Usually when I meet someone new and explain to them that I work from home I get the usual wink and nudge- that I’ve somehow figured out the world and found a job that lets me sit on my couch all day on cruise control. Working from home definitely has its advantages when it comes to flexible hours, being able to run that errand in the middle of the day, or writing blogs from your patio or porch, but it's definitely not a cake walk. I’ve been working from home on and off for over 8 years, but for the last year and half, I’ve been working remotely full time as a Senior Drupal developer with Appnovation. It was still an adjustment for me but I’ve come to truly understand some of the perks and pitfalls of this working environment and hope to share with you some of the things that have made it work for me.
There is no more important skill for a remote worker then being an effective communicator. You’re going to be spending a lot of time on the phone, IM and video chats, with people you probably haven’t met before in person and being able to convey your thoughts and ideas with these people is key. Make sure you’ve investing in a good teleconferencing equipment, no one wants to listen to someone that sounds like they're in a tin can, or at the bottom of a well. Purchase a good headset. They’ll come in handy and are great when you’re in a coffee shop, or on the road in an airport, or when you need to have a private conversation with someone. Make sure to get a good speaker phone as well, holding the phone up to you ear for those hour long phone calls can get tiresome awfully quick and most laptops have horrible feedback loops when using built in components. Reach out to the people you are working with sometimes to chat about things un-related to work. You won't have the same opportunities to bond over a water cooler or a lunch room to hang out with your co-workers, so make sure you take the time to get to know your co-workers (and clients!) when you can. When the crunch is on you'll know you've got some friends in your corner to help you through.
The Daily Commute
Most people think that one of the advantages of working from home is that if you're able to eliminate those extra hours you sit in traffic each day you’ll be so much more productive. I couldn’t disagree more. Establishing your commute is an important part of the structure you’re brain needs to get ready for the day. After I get my kids out the door in the morning for school, I take 30 minutes of “me” time to retreat back to the house, to grab something to eat, take out the garbage, watch the birds, or tidy up a bit. I try to keep this time “screen free” so that I’m not tempted to check email or IMs. I know that soon enough I’ll be spending a enough time in front of my screens during the day to check emails at that time.
Separation of Space and Time
When you work in an office building this structure is created for you, everyone generally shows up at the same time, eats lunch together and leaves around the same time. Your day is easily encapsulated by the environment you are in. When working from home you need to be the office manager as well as the employee. For me to be successful, I personally found that I need to have a separate desk and computer for work in my house. I keep my work laptop free of distractions, it’s a programming / teleconferencing machine and that’s all. I jokingly refer to my office space as the “Ottawa Branch”, but I’m serious about it. Managing your hours is also very important for any remote worker, we all have a tendency to lose track of time when we’re focused on something. Establish times when you are and aren't available and make sure you communicate those clearly to your team and managers.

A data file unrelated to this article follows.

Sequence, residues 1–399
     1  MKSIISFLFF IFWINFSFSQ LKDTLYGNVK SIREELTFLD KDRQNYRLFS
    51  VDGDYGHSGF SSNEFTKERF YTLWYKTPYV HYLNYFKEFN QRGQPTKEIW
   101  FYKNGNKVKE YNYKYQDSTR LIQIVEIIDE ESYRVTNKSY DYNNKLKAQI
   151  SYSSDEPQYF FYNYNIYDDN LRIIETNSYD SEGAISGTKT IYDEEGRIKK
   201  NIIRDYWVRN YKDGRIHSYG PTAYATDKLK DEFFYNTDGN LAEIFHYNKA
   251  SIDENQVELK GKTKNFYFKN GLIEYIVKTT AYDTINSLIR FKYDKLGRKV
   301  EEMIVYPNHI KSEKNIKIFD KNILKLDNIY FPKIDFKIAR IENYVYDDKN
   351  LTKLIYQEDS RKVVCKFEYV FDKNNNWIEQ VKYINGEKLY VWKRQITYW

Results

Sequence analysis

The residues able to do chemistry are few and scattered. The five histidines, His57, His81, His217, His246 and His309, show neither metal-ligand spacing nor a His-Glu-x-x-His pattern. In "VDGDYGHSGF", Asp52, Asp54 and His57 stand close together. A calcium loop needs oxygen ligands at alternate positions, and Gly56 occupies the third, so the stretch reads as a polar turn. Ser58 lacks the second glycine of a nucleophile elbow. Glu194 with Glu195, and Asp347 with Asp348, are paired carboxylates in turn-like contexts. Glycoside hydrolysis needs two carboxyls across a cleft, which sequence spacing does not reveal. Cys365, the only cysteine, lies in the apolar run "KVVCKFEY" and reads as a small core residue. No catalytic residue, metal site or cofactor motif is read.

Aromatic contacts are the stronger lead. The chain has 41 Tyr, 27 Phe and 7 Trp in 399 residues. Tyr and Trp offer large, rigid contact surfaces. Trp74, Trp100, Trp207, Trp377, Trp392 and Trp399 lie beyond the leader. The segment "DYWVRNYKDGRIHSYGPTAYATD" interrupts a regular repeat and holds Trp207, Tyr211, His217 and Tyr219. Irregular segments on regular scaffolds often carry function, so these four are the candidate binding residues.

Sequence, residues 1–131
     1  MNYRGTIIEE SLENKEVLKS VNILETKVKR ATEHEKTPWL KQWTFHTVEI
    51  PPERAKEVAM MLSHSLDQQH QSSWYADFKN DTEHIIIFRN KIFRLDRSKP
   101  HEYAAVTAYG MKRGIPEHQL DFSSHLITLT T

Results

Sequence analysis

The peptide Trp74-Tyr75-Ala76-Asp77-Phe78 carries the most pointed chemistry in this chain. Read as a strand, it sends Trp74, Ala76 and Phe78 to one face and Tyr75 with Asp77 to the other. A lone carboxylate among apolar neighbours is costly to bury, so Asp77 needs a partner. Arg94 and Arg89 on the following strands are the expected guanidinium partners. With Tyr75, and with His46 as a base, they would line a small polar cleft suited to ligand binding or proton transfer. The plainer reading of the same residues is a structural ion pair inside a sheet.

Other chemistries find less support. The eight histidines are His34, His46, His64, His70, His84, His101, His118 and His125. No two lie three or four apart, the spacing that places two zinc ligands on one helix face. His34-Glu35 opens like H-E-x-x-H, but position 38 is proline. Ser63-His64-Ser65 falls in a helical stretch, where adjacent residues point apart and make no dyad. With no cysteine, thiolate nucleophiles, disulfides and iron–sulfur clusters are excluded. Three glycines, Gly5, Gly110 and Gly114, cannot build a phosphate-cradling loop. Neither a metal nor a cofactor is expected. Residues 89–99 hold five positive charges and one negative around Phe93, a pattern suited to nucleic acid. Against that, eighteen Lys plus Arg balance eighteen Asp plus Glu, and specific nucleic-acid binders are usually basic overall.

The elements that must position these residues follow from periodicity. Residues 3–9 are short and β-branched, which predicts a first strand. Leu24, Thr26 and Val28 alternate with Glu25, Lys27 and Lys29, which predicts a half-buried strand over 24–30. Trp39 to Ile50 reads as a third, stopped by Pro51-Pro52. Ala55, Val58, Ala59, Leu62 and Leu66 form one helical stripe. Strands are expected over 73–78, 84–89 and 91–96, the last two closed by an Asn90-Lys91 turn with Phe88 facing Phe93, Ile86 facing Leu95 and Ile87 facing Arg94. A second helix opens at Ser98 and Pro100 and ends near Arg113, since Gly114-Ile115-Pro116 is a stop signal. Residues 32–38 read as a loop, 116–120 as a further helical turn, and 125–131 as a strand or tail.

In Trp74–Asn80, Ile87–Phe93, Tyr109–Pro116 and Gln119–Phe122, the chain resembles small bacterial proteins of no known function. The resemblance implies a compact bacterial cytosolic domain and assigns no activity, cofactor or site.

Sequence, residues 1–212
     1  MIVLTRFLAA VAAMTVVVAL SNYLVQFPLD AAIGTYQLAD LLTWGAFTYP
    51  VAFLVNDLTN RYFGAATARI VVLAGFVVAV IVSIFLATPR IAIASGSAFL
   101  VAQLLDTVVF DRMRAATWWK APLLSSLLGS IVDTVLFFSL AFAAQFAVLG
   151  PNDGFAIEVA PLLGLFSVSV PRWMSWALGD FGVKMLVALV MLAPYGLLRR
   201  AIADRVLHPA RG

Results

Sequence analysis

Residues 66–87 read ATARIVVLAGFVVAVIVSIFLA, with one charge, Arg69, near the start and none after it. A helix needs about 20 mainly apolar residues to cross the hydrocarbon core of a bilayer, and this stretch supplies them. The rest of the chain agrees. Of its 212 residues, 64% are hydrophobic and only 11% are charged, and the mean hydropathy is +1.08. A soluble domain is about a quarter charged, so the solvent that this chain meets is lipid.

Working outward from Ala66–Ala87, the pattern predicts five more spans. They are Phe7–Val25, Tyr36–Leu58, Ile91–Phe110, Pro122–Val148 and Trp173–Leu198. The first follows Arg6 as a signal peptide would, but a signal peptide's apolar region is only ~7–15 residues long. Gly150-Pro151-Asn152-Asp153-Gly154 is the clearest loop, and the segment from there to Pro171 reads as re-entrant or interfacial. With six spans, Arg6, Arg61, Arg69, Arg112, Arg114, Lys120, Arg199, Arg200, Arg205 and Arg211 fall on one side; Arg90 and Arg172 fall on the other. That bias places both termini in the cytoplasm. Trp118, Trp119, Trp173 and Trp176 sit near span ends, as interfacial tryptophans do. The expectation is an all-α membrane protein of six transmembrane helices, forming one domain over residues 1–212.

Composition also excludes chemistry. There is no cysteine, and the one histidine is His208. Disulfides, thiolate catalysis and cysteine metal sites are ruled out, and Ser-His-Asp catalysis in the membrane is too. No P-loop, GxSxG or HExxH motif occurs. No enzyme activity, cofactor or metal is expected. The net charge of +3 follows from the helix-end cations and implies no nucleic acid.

When I tell people that I work from home full-time I’m usually asked how I keep the distractions to a minimum. It's always interesting to see their reactions when I tell them I try to create more distractions throughout my day. I can easily lose track of time for 4-6 hour stretches when I'm heavily involved in something. I try to get up from my desk every 2 hours, to stretch my legs. I’ll go check the mailbox, grab a snack, switch the laundry over or empty the dishwasher. It's usually during these times when I have most of my ‘AHA!’ moments for the problem i'm working on as I’ve removed myself from the situation a bit and given my brain a chance to process all this info I’ve gathered. Lastly, make sure you don’t turn into a hermit. Get out of the house as often as you can! I like to setup lunch dates with friends and past colleagues, I play tennis on the weekends and run the kids to their appointments or lessons at night.
There is no right or wrong way to work from home. While some of these things work for me, the most important aspect of working from home is to find YOUR routine, YOUR rhythm. Experiment and try new things. Got a slow day? Take a walk! Things starting to feel repetitive? Go work in a cafe for a few hours. I've never felt more empowered as a developer and it's all about owning the responsibility of working from home, even if it's in my comfy slippers!